SALT LAKE CITY — A child developmental expert says the toddler kicking his legs on the aisle of the grocery store isn't that much different from the teenager dramatically sighing before slamming the bedroom door.
Kathleen Van Antwerp, or Dr. K as she is known, said developmentally, teens and toddlers are about at the same level, with each age group struggling to grow into the next stage of life — but not yet equipped with all the tools.
The leading expert in juvenile justice reform was the keynote speaker Saturday at the University of Utah's "Breaking the Pipeline" fourth annual symposium addressing ways to plug the schools-to-prison pipeline trend, especially for marginalized youth. The systemic funneling of youth, primarily minorities, out of schools and into the criminal justice system is a serious issue in Utah schools, said Cambre Roberts, a U. law student who chairs the symposium.
In her interactive exchange with the participants, Van Antwerp noted how toddlers have yet to develop a range of expressive skills, so they resort to physical, shrieking tantrums to convey their discontent.
At the teenage stage, the part of the brain that controls emotion is hijacked developmentally, she added, governing the teen's behavior across the spectrum.
Research, she added, shows the prefrontal cortex — the chief executive officer portion of the brain that governs rational, cognitive thinking — doesn't develop until the mid-20s or later.
"Why does it matter? Because the United States locks up more children than any other country in the world," she said. "If we are going to change the school-to-prison pipeline, we need to understand where our children are developmentally. … We know more about the deep dark depths of the ocean than we know about our brain."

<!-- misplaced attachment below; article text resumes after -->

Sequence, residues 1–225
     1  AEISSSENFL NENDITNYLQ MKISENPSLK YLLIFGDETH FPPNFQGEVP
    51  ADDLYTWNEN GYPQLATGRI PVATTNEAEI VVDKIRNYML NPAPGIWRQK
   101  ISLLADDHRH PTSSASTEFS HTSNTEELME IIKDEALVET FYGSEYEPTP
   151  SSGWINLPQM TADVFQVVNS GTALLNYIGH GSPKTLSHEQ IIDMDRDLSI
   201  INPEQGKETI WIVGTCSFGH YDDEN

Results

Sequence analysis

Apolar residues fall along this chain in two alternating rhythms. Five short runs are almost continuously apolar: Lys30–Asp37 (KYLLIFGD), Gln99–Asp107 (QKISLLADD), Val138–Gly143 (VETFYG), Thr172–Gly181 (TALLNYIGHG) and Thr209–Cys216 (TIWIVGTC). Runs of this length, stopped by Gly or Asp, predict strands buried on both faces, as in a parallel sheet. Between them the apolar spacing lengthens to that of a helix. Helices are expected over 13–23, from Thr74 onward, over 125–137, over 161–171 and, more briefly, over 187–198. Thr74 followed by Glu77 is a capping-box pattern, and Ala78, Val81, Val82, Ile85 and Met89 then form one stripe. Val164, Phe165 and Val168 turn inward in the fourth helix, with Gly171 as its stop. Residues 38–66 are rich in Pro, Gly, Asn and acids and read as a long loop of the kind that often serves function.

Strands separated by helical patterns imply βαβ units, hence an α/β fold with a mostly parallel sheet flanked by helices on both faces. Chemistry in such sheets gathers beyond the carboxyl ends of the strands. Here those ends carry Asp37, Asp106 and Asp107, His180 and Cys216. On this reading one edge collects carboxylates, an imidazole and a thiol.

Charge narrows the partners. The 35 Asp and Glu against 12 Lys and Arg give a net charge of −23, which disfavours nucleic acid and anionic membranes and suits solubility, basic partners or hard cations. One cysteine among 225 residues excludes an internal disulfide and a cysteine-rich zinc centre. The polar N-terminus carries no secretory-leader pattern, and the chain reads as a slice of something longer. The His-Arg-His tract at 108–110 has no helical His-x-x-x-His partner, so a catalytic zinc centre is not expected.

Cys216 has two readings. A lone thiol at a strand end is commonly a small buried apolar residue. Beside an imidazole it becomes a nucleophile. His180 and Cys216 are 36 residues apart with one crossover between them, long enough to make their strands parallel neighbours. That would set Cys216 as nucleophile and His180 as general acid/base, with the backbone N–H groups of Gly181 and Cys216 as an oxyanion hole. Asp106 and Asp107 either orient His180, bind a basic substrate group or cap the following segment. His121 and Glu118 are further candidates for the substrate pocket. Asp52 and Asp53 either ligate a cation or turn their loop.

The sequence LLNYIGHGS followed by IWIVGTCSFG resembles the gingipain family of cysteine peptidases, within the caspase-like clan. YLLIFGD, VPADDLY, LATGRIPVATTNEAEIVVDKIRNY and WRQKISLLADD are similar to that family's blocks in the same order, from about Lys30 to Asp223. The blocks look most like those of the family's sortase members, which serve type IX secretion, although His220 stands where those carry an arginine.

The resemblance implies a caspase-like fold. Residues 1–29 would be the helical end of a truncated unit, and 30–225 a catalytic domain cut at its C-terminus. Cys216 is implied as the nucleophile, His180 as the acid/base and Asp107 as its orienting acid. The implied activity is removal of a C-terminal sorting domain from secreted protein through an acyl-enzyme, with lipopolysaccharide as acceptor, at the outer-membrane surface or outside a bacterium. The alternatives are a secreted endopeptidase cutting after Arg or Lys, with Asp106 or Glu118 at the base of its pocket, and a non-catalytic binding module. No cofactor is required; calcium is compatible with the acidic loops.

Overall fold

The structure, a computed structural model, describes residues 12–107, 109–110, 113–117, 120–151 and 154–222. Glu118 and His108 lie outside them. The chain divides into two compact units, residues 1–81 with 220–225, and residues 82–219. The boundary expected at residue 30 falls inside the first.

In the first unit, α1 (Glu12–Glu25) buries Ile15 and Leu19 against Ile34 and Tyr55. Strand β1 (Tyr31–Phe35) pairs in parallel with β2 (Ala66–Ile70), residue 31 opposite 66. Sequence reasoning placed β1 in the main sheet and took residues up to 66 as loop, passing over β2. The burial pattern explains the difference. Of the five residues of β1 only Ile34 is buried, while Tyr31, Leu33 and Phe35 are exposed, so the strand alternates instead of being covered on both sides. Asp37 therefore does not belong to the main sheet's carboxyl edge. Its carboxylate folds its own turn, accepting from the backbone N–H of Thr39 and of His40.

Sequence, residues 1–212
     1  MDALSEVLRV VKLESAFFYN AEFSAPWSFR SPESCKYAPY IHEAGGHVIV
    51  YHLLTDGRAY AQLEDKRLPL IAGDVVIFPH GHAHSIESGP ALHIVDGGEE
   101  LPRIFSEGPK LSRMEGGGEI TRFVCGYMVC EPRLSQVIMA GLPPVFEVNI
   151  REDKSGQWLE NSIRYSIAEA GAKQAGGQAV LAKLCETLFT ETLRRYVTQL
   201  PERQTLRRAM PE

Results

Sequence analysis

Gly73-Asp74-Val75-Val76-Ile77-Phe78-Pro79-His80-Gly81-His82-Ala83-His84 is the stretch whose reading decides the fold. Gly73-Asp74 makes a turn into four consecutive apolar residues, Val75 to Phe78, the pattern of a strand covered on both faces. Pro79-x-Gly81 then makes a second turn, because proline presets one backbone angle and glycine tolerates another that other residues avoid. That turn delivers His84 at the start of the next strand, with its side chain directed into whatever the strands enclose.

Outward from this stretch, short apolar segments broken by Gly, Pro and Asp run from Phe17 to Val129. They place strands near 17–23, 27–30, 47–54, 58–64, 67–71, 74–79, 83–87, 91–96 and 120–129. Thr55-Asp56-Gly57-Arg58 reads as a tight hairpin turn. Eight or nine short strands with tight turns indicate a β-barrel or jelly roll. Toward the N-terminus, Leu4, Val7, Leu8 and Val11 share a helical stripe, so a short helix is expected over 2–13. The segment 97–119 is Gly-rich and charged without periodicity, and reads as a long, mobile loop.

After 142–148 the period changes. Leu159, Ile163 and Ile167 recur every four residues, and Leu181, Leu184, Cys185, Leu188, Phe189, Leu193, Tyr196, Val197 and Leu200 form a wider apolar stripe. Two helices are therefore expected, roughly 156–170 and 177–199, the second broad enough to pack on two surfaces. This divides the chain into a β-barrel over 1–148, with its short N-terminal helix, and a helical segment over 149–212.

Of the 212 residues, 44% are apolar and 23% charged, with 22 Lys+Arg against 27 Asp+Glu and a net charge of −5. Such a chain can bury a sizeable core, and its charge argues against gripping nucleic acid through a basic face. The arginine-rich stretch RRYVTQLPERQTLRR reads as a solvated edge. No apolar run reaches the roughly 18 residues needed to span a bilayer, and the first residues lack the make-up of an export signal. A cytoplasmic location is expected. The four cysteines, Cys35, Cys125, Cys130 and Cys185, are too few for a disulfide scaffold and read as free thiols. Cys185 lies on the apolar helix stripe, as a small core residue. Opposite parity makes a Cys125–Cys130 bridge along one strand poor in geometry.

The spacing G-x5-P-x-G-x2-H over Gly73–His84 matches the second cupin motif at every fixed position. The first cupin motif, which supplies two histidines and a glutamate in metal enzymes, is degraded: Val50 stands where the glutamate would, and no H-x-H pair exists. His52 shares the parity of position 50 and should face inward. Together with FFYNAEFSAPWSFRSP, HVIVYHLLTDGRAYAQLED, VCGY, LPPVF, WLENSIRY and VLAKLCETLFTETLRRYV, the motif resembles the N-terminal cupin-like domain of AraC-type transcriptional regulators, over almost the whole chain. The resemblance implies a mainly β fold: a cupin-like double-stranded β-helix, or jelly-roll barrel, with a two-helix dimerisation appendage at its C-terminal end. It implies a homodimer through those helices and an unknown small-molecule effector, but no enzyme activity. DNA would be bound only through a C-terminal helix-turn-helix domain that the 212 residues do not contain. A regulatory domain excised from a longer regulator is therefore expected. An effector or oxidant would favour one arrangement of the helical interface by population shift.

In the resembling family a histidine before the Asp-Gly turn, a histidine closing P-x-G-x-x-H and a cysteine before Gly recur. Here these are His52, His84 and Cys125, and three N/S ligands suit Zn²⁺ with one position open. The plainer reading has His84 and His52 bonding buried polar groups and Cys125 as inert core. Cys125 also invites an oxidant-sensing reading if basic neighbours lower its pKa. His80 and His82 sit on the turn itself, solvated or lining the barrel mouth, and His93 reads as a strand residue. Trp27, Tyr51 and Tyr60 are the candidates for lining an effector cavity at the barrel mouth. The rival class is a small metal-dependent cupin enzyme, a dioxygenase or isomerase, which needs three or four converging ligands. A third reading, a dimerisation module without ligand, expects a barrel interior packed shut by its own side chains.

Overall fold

She said something is wrong when pre-schoolers are getting expelled from schools and police are handcuffing children as young as 5, 6 or 7.
"Our schools are turning into places where we criminalize children. We have school resource officers on campuses in the name of school safety, in the name of discipline."
Rather, the emphasis, she said, should be in creating a "school climate" in which teachers, police and other adults are properly schooled in understanding developmental behavior, instead of simply reacting to something they don't understand.
As an example, she pointed to her work with inner city community outreach centers in Los Angeles staffed by law enforcement officers told to go "connect" with the children.
She said they had "zero" training on child and adolescent development.
"Would you hand a civilian a gun and tell them to go down to the end of the street and enforce the law?"
Van Antwerp has spent more than 30 years developing educational and outreach programs for at-risk youth in schools, juvenile justice programs, emergency care centers and foster homes. She trains multiple professions on the front lines, including teachers and law enforcement officers.
She said society makes the mistake of trying to manage behavior rather than understanding it.
Managing behavior simply sets the stage for a fight, especially among teens, she noted.
The daylong symposium was sponsored by the Utah Minority Bar Association, the Associated Students of the University of Utah, Racially Just Utah, the S.J. Quinney School of Law, the University of Utah College of Social Work and Salt Lake County.